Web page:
Chinese and Indian car models slowly eating into Namibian market share

Cash-strapped Namibians seeking to reduce their debt burdens are slowly turning to Asian vehicle models, with data showing an increasing uptake of the models, with an average 15 units per month sold.

“Recent new entrants from particularly Chinese brands seem to be decent value for money, given their competitive warranties and standard equipment levels. Given that the disposable incomes of Namibian consumers have been under pressure for a number of years now, it makes sense that there has been some shift to these relatively less expensive alternatives,” Danie van Wyk, Head: Research at IJG told The Brief.

“As a percentage of total new vehicle sales, there has been a definite increase in Chinese and Indian vehicle sales since 2016, with the growth more apparent from 2020. At roughly 6% of new vehicle sales in April, they remain relatively small players in the Namibian market, although their market share is steadily increasing.”

Van Wyk said the Japanese, German and South Korean brands, collectively still dominate local sales, having made up 88.6% of new passenger vehicle sales in April.

“They will definitely be cognisant of these brands and their offerings from a competitive perspective. The Namibian market continues to be dominated by Japanese, German and South Korean brands which collectively made up 88.6% of new passenger vehicle sales in April,” he said.

Simonis Storm Economist, Theo Klein also noted the increase in Asian car models in Namibia.

“When excluding Toyota from the market, our data show that Chinese and Indian brands have increased their market share above that of traditional European and American brands since September 2021 in Namibia. However, when we include the Toyota brand together with European and American brands, we see that the market share of Chinese and Indian brands are far below that of the former group,” he said.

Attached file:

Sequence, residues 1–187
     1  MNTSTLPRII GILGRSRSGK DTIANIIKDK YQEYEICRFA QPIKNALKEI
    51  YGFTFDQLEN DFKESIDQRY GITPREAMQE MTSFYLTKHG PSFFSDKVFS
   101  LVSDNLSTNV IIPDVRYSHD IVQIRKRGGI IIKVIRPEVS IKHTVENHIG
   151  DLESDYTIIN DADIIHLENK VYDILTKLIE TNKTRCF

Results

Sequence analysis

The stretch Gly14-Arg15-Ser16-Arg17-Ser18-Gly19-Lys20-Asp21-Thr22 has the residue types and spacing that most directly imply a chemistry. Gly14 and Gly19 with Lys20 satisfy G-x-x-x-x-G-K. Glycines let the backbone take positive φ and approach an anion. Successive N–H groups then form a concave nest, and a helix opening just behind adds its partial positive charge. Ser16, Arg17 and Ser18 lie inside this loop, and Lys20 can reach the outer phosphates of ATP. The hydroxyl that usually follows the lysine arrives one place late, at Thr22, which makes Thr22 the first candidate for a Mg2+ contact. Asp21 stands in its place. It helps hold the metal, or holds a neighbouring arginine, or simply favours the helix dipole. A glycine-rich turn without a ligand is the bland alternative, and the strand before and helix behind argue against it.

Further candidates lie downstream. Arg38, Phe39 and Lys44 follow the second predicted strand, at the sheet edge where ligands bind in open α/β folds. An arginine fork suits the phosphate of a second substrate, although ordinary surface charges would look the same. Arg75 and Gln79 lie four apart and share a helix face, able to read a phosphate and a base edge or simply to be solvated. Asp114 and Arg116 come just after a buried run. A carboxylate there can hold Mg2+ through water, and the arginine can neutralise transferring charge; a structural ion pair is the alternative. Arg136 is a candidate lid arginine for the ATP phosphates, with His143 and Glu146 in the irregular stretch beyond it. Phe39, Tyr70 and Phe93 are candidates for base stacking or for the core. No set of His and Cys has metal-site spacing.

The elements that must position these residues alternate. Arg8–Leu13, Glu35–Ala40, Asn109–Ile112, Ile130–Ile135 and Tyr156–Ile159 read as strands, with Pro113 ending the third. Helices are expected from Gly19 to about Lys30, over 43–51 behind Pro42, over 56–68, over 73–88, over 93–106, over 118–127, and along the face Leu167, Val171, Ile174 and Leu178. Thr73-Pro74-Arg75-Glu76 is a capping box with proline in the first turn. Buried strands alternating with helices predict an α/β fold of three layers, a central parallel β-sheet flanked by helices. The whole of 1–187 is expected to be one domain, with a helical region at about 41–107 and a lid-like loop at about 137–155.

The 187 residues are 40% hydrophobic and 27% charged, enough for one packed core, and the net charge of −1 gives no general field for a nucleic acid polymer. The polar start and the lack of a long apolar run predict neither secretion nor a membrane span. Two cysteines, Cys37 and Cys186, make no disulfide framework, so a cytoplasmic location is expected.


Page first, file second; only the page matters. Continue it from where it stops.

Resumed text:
Klein, however, maintained that Japanese, German and South Korean brands continue to dominate the local car market.

“Haval only recorded sales as of January 2019 according to our data. Since then, they have sold 15 units per month on average, whereas Tata sells 5 units on average per month. However, this is far below the monthly average of 386 for Toyota, 137 for Volkswagen and 72 for Ford. Comparing Haval and Tata to other Asian brands, we see that their average monthly sales also fall far below the average monthly sales of 83 for Nissan, 41 for Isuzu and 27 for KIA,” he said.

“It could be that Namibian customers see value in certain Asian brands due to affordability and advancements in accessories, engine capabilities and modern designs. However, their market share growth over recent years do not appear to be significant threats at this stage when analyzing the data. Toyota is still unrivalled in the local automotive market in terms of market share.”

In the 10 years since 2003 according to India’s vehicle data, the number of vehicles shipped to African destinations from India has exploded, with a growth of over 1 000%, of which growth of 160% has been achieved since 2008 alone. During this period exports of passenger vehicles from India to Africa increased by a staggering 2 400%, as previously many of the vehicles coming to Africa from India were light commercials.


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Last modified on Monday, 01 August 2022 12:29

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